Les Discrets – Ariettes oubliées – Review

Such an incredible buzz of anticipation surrounds the release of ‘Ariettes Oubliées…’ despite the fact Les Discrets have just one full-length record to their name.  But when you turn up with a début like ‘Septembre et Ses Dernières Pensées’, you see exactly why such a fuss was made in the first place.  Fortunately, this long-awaited second attempt shows that Les Discrets are no mere flash in the pan, but rather a seasoned force with a lot more to give.


Compared to their previous attempt, the French act are more willing to embrace slower tempos, ambient tones and approach their heavier edges with that extra bit of care.  It doesn’t mean that ‘…oubliées…’ is restricted – it’s Les Discrets flowing, but in a different tranquil stream that has its own respective meanders.

The quality of echoing post-rock vibes radiate gently in solitary moments while metallic riffs give much needed thrusts of propulsion to lift the album into elevation.  All of this delicate work is wrapped in shoegaze melodies and glorious harmonies that simply put your head in the clouds. Les Discrets’ ability to mould a great contrast of melody and ferocity is ever-evident – ‘La Traversée’ providing definitive proof.  ‘Ariettes oubliées I : Je devine à travers un murmure…’ reveals that the three-piece can still keep interest with a calmed pace, whilst ‘Au Creux de l’hiver’ is an exploding beauty – nailing a fine cocktail of melancholy and transcendent post-metal.  Following an atmospheric first-minute, instrumental track ‘Les Regrets’ bursts into life with reflective, hypnotic guitar picking to bring the album to a lovely close.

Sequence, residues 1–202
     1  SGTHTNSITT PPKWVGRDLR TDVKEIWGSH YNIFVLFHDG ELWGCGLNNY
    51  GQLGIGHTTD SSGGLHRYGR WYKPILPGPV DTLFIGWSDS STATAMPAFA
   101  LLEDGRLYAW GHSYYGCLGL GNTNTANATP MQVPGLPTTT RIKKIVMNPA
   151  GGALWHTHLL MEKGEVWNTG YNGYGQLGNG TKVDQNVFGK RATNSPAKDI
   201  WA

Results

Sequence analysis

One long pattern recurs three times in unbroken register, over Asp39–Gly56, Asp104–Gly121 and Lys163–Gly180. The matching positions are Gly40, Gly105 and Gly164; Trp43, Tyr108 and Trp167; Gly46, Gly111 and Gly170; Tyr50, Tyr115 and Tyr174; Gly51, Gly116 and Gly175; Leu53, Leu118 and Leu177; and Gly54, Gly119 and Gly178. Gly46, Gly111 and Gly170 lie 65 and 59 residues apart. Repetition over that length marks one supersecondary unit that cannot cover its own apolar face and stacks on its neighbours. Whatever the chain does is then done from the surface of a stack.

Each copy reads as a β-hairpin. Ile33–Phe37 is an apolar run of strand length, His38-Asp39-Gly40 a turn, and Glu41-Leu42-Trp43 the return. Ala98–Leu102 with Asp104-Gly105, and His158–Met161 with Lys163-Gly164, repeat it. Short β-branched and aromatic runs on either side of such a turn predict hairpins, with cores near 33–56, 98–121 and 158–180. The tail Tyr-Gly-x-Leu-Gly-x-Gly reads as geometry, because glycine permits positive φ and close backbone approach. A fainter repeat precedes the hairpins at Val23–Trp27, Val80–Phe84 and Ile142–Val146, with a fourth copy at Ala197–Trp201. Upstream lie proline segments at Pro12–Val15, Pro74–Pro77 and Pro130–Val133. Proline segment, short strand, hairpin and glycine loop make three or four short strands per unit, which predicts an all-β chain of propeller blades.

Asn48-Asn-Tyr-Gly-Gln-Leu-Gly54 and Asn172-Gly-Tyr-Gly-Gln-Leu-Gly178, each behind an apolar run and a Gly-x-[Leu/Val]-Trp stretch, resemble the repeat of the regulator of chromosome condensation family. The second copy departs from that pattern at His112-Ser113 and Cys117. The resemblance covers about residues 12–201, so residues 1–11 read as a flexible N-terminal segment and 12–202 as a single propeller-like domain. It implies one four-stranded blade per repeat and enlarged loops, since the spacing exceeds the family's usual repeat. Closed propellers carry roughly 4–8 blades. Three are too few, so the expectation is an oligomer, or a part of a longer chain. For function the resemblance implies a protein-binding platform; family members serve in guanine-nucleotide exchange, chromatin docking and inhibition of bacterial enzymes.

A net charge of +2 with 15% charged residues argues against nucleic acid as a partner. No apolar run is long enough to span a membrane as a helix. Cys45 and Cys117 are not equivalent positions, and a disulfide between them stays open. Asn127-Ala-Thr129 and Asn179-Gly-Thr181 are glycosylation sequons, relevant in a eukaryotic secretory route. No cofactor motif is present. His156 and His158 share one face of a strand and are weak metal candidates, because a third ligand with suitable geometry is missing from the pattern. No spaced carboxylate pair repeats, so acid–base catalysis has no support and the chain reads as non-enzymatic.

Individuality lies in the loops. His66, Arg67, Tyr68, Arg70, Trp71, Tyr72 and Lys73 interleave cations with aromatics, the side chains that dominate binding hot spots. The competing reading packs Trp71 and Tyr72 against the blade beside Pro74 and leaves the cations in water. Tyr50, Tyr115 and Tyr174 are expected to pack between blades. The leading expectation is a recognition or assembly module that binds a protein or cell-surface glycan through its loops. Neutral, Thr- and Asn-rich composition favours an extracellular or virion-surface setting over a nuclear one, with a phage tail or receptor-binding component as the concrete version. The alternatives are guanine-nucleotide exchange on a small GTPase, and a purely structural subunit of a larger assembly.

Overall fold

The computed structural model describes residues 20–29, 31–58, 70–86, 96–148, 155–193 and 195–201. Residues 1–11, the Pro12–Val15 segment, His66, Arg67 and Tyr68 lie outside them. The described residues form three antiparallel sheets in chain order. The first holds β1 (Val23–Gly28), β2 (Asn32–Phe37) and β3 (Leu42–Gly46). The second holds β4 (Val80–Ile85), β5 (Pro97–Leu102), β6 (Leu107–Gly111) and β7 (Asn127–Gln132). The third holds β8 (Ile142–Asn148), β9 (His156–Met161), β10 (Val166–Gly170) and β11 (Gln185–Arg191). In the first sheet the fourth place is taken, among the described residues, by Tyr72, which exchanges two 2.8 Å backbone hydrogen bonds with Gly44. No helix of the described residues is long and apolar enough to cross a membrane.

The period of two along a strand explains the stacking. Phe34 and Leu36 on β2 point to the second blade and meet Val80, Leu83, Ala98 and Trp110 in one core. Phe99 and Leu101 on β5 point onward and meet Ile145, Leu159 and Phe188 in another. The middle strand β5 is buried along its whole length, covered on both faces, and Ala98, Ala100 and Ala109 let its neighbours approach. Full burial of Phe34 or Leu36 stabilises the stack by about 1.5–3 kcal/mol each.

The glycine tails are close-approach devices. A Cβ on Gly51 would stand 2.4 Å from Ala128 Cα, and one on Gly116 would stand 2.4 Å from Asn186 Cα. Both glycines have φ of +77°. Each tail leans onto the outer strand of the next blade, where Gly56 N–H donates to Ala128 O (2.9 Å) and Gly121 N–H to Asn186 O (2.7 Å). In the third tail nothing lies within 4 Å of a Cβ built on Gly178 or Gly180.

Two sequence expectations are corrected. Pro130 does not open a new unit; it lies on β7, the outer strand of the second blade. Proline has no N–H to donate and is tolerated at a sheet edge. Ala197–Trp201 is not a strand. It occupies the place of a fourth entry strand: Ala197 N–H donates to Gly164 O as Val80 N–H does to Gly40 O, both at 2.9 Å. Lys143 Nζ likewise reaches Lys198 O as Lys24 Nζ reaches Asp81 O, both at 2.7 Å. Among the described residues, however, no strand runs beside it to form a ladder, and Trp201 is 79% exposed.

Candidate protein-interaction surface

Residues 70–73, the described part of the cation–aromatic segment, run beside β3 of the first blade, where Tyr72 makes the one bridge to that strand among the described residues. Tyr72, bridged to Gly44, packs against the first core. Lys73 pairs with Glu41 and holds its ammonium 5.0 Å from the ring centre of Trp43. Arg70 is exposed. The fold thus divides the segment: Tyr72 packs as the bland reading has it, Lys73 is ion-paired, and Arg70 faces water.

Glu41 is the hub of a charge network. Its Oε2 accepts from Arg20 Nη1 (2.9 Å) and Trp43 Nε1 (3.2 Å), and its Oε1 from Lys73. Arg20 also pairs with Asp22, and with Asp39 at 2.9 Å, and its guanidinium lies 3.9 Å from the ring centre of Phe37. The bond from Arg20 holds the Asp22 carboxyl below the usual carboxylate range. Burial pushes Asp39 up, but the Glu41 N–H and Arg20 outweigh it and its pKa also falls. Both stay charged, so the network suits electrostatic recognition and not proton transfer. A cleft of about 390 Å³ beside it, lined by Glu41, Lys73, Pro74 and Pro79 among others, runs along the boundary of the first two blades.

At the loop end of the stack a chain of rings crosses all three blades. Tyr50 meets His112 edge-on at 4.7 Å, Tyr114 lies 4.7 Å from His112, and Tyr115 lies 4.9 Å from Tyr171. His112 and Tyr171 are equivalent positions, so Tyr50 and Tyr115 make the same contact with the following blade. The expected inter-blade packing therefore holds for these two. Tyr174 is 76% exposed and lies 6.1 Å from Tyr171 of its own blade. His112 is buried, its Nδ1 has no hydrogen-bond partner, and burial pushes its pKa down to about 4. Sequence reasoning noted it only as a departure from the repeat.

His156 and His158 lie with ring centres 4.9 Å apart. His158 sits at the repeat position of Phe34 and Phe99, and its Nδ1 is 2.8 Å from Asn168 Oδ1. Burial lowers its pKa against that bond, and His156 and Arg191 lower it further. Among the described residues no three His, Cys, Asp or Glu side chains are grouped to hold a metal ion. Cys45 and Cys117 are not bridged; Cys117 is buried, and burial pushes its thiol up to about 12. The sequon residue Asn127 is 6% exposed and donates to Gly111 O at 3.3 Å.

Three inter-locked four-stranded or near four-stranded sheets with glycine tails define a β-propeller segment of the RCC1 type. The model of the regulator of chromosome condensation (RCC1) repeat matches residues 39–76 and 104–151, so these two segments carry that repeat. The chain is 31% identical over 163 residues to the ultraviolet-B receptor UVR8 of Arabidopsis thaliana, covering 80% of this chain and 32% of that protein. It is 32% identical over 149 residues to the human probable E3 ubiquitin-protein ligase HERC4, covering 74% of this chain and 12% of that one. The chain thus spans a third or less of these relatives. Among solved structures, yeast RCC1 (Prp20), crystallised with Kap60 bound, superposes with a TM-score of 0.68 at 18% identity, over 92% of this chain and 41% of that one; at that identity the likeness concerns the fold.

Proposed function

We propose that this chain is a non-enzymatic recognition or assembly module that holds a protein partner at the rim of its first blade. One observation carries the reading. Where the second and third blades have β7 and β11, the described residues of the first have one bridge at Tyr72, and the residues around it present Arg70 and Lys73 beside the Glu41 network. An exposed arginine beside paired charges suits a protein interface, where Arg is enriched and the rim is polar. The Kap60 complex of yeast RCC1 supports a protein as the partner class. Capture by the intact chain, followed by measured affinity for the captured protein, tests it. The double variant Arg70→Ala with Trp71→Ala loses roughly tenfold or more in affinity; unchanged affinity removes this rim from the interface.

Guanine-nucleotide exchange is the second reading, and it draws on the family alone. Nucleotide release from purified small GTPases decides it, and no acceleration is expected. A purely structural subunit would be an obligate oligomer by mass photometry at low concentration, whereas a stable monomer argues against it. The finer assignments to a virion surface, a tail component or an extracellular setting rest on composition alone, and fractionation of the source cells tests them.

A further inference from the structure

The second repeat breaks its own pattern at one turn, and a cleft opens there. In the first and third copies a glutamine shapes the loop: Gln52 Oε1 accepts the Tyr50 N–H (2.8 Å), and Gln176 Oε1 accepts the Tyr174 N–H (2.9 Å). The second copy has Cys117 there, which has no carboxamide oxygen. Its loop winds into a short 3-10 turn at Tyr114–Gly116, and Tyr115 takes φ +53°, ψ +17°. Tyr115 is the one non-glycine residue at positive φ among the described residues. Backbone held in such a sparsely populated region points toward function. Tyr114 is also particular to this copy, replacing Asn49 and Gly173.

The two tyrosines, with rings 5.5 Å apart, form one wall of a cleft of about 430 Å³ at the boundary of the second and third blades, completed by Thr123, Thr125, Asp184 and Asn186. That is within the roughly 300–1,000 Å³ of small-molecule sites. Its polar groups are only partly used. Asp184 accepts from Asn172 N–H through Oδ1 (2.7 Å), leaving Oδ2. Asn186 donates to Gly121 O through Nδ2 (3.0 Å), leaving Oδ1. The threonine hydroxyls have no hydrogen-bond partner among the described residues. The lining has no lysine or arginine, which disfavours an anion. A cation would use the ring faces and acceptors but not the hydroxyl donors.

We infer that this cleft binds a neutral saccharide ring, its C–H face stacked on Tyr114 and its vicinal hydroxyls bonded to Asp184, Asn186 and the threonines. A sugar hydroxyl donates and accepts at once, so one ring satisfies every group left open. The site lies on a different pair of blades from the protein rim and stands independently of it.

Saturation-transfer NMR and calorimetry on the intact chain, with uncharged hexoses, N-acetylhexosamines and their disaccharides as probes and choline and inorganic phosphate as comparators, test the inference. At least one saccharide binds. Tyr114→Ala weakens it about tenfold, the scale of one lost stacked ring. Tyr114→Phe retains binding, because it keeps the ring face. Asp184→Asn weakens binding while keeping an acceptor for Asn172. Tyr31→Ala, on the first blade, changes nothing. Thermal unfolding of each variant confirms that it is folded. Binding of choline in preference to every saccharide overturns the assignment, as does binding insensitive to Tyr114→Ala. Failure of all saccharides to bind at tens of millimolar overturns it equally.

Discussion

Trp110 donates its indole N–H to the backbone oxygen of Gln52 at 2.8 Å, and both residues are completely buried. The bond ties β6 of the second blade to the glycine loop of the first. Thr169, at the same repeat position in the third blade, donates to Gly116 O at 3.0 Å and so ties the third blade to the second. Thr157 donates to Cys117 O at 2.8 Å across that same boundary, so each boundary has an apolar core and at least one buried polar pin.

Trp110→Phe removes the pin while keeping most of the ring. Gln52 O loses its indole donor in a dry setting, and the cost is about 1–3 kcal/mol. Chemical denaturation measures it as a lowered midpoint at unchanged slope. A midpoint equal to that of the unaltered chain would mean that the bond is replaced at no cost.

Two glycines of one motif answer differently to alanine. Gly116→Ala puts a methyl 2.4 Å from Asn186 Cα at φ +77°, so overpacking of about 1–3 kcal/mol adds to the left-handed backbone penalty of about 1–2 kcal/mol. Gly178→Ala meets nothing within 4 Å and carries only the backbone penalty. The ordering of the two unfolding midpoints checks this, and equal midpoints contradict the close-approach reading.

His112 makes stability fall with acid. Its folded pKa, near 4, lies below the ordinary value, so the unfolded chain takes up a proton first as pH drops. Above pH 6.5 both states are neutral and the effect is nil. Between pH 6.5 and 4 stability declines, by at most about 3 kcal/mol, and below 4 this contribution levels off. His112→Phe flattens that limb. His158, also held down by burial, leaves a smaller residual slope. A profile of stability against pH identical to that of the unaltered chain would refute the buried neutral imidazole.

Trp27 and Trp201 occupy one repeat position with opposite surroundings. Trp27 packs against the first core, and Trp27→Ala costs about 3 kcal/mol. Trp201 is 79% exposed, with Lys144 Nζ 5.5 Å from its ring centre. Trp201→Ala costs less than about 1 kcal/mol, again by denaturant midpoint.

The less patient fan might still regard their début as the superior record to ‘…oubliées…’.  But essentially, Les Discrets are extending their scope, expanding their horizons and showing us how a band matures gracefully with an untainted and beautifully unique sound.


Reviewed by Calum Robson.
Ariettes oubliées is out 13th Feb on
Prophecy Productions

You’ll like this if… The world’s beauty is more intriguing than its vulgarity and you’d rather define yourself on something you love, rather than something you hate.



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